The Economist

A new working paper, co-authored by Prof. Jonathan Gruber, explores the impact of the New Co-operative Medical Scheme (NCMS), “a health-insurance plan for rural Chinese that was launched in 2003 and folded into a more comprehensive program in 2013,” reports The Economist. “Though it is perhaps best known for being stingy, the NCMS saved millions of lives,” writes The Economist.


Prof. David Autor and his colleagues have documented China’s impact on manufacturing jobs in the U.S. after joining the World Trade Organization in 2001, an effect known as the China shock, reports Shawn Donnan for Bloomberg in an article about how manufacturing job losses impacted Rockingham County in North Carolina. “Declining populations of young workers, as well as lower pay, have persisted in Rockingham and other communities hardest hit by this China shock, the researchers found in a 2021 paper,” writes Donnan.

Inside Higher Ed

A new study co-authored by MIT scientists finds that the Department of Justice’s China Initiative may have caused researchers of Chinese descent to leave the U.S. for China, reports Ryan Quinn for Inside Higher Ed. The study authors found that researchers of Chinese descent had “general feelings of fear and anxiety that lead them to consider leaving the United States and/or stop applying for federal grants. If the situation is not corrected, American science will likely suffer the loss of scientific talent to China and other countries.”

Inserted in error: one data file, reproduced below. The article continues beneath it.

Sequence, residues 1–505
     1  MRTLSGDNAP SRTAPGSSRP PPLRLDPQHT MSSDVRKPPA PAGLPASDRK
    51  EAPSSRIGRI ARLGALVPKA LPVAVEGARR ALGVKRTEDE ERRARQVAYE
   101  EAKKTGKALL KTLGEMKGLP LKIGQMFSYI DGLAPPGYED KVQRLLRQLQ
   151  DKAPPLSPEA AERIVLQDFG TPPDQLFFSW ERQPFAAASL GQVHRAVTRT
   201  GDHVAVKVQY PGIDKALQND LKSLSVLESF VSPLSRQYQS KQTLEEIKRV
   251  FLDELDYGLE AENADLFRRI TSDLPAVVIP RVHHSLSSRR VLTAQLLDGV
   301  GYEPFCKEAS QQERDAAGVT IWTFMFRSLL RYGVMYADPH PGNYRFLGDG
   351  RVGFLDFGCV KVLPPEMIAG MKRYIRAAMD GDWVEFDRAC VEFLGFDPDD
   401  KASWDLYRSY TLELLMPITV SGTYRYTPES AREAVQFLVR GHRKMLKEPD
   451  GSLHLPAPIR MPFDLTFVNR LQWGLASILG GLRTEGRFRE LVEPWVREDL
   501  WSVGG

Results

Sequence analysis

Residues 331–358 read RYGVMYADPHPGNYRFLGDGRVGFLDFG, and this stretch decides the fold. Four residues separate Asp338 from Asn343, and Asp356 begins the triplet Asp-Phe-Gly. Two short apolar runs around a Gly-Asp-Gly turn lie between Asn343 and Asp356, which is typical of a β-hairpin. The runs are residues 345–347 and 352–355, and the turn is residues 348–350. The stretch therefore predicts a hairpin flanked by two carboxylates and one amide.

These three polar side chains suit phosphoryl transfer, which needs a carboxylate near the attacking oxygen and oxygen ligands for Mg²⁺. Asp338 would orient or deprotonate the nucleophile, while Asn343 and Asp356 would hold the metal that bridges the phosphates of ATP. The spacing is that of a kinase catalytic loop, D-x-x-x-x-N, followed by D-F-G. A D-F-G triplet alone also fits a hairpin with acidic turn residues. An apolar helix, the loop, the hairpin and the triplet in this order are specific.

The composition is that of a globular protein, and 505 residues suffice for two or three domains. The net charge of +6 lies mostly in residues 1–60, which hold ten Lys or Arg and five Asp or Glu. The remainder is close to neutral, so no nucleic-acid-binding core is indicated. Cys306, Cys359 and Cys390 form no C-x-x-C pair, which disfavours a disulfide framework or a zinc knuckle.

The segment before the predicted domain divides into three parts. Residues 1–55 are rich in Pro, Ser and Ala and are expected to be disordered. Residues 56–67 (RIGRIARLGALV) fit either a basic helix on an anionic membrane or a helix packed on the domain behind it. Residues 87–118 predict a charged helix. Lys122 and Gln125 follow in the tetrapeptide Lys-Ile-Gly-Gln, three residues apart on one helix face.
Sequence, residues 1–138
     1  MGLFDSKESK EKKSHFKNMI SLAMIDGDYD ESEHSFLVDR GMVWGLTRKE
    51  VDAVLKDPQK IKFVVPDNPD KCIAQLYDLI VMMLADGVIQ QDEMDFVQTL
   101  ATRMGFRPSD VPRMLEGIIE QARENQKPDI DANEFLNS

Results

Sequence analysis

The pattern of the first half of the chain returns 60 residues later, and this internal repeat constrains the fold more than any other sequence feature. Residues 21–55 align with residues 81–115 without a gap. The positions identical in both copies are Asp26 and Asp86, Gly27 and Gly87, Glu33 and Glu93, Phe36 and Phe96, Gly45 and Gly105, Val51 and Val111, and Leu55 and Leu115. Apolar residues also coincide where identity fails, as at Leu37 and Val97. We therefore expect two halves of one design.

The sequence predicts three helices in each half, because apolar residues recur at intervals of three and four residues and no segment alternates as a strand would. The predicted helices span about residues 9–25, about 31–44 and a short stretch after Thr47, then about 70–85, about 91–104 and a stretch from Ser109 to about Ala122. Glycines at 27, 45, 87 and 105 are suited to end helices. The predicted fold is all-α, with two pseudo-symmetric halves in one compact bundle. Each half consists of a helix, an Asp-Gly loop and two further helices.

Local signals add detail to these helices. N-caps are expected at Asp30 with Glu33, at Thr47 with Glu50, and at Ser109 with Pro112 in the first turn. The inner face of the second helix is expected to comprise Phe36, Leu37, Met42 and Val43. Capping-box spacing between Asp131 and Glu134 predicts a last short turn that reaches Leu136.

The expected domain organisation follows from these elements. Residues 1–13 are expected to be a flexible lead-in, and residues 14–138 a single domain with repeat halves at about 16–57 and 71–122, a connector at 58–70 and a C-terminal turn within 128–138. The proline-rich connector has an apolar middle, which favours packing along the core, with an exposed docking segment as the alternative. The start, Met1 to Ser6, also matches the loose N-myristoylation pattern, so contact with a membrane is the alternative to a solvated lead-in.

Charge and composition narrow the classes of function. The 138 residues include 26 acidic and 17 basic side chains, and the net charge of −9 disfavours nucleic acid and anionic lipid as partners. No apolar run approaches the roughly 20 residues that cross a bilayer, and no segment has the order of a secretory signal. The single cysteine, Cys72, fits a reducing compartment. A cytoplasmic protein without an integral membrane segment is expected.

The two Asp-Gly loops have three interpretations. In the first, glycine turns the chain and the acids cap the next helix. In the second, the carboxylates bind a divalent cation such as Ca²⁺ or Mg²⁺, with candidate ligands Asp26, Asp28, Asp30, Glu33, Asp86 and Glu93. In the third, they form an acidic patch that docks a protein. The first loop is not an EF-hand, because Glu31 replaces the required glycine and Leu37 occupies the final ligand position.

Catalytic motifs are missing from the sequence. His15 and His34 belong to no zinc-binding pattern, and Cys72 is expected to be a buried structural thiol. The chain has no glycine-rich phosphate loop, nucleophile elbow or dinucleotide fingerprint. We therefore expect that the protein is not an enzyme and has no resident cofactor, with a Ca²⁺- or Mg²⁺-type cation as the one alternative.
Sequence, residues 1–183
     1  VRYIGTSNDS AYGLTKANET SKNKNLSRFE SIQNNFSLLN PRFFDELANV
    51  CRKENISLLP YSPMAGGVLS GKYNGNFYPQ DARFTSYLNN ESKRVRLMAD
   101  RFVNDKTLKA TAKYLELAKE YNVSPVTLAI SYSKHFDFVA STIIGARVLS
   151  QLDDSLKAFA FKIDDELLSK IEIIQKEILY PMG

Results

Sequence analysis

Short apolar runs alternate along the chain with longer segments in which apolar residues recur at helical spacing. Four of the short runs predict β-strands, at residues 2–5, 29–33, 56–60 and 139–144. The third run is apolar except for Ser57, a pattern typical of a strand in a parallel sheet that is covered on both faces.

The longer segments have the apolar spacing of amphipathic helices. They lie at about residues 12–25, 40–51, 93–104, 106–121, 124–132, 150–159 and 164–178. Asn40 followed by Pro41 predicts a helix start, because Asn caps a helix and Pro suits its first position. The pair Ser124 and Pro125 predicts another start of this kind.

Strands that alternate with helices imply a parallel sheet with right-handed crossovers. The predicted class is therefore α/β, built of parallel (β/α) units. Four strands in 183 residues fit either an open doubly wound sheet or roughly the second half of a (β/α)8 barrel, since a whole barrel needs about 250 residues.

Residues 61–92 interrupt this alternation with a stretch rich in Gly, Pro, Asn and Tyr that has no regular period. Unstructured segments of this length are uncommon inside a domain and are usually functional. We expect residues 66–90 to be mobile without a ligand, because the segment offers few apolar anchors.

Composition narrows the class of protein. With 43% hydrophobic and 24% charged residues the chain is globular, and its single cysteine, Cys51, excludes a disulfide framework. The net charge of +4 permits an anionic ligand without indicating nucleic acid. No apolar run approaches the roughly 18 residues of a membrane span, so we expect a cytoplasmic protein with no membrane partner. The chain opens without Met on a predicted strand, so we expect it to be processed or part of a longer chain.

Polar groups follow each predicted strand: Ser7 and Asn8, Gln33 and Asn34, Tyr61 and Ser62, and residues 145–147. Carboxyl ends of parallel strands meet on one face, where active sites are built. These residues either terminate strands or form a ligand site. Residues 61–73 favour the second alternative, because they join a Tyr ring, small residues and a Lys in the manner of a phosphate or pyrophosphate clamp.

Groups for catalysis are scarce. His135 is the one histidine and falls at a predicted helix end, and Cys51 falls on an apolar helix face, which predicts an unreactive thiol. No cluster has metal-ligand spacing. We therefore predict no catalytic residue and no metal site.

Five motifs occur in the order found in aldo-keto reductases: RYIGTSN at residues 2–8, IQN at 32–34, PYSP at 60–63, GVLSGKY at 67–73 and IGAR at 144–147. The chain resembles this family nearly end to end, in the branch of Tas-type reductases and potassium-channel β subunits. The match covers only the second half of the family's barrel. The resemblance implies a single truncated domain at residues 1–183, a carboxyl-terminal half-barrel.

Neil Thompson, director of the FutureTech research project at MIT CSAIL and a principal investigator MIT’s Initiative on the Digital Economy, speaks with Politico reporter Mohar Chatterjee about generative AI, the pace of computer progress and the need for the U.S. to invest more in developing the future of computing. “We need to make sure we have good secure factories that can produce cutting-edge semiconductors,” says Thompson. “The CHIPS Act covers that. And people are starting to invest in some of these post-CMOS technologies — but it just needs to be much more. These are incredibly important technologies.”


Writing for Science, the MIT China Strategy Group explores how U.S. universities can manage the pressures posed by rising geopolitical tensions between the U.S. and China, outlining the approach they developed to “help MIT advance knowledge and the needs of the United States and the world -- without damaging U.S. interests in national security or the economy, without endangering human rights, and in ways consistent with the core values of our institution.”